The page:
We are land shopping now much as you are. We currently live on 13 acres with several outbuildings. If we end up with raw land (like you) we will think long and hard and from many angles and seasons to determine "the master plan" which will basically be everything we wish it to become and since we aren't rich many of these items won't be built for a few years. We do want to avoid the the folly of thinking only about the current project and not about the interplay of the current project with past and future projects. We will construct fencing to accommodate animals we may not have yet for instance brushy waste ground will be fenced pig and goat tight. The Garden will be strategically located for sunlight, ease of working and for efficiency of maure spreading. we want to eventually be self sustaining even with our fertilizers so a flock of homing pigeons will find their way to our place. By the time you put your house, orchard, annual garden, fruit garden, chicken house, feed storage, barn, Garage/shop, cattle facilities, pig accommodation's and then factor in the land you are working with as well as the finances available. Planning is a big project and will effect you for the rest of your life (hopefully).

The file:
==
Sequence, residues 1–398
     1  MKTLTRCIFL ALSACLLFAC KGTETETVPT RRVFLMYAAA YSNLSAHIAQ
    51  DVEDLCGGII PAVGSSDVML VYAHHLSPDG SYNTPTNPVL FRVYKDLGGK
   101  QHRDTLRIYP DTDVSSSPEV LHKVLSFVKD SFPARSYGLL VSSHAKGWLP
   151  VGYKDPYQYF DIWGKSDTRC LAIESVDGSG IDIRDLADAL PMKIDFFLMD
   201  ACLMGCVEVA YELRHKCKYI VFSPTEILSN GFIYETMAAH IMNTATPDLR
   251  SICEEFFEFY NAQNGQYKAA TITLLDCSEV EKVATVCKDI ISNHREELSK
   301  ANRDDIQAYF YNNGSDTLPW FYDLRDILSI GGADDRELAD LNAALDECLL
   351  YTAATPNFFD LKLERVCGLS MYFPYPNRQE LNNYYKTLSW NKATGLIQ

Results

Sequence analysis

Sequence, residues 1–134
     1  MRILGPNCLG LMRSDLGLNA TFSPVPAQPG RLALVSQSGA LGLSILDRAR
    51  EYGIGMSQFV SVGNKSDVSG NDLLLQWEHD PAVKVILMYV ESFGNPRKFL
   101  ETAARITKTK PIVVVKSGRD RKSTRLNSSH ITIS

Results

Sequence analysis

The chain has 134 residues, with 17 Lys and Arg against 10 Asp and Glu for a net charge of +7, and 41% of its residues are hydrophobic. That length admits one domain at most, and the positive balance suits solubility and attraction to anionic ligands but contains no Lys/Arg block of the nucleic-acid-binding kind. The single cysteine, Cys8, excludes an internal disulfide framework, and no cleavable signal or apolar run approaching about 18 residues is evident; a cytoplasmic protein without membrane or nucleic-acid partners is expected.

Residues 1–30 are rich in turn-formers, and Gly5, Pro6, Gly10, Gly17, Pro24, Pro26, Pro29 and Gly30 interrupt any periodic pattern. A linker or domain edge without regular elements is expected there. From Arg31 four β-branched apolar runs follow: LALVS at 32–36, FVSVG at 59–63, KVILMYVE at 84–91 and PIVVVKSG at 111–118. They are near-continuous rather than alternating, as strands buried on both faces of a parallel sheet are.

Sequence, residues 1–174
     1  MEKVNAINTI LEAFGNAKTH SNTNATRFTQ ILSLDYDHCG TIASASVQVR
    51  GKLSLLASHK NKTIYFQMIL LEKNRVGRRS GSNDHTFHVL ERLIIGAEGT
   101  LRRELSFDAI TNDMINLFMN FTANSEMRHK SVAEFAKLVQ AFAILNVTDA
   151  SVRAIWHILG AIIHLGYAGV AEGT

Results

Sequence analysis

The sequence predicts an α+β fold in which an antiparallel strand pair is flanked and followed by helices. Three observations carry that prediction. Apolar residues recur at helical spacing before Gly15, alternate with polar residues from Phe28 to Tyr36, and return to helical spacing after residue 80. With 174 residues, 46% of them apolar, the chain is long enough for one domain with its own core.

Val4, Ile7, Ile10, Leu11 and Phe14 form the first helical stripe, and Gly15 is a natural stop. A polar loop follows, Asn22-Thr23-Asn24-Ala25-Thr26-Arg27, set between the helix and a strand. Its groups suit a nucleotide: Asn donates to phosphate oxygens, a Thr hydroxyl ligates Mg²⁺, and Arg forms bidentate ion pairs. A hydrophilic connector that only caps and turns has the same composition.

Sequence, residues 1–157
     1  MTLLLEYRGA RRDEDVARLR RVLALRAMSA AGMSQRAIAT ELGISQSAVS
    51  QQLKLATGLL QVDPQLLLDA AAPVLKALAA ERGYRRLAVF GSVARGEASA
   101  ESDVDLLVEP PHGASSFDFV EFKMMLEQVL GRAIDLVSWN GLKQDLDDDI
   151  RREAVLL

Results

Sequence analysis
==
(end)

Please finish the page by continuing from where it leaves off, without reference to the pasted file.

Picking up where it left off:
Ethan Book said...

Mellifera - We are doing something similar to what you mention. But, I must admit it isn't out of planning as much as it is out of economics. We will only have a "barn/storage" space of 10-16 by 36-40 feet, but it will be something to start with, and could be added onto in the future. It does have its benefits!

Yeoman said...

The all in one type structure, fwiw, describes the traditional German farmhouse. Add to it that more than one generation (often three) lived in the house, and you'd have a complete description of one.

farm mama said...

Years ago, I had the opportunity to visit a cheese-making operation in Holland. It was traditional, in that one large building housed the animals (with free access to pasture), the milking parlor, the cheese-making area, and the family's living quarters. It truly made sense, and it was designed in such a way that everything was totally sanitary, yet accessible from any other part of the building without having to go outside.

Yeoman said...

Another reason for those northern European multi-use building (in addition to avoiding going outside too much in winter) is that they were space efficient. They didn't waste any farm ground.

A similar practice existed in some parts of the US which had significant Irish influence, in which farmers and ranchers lived in town, but commuted to nearby farms. That way, they didn't have their dwelling occupying usable agricultural ground. A few old Irish American ranches around here were that way as recently as ten years ago or so.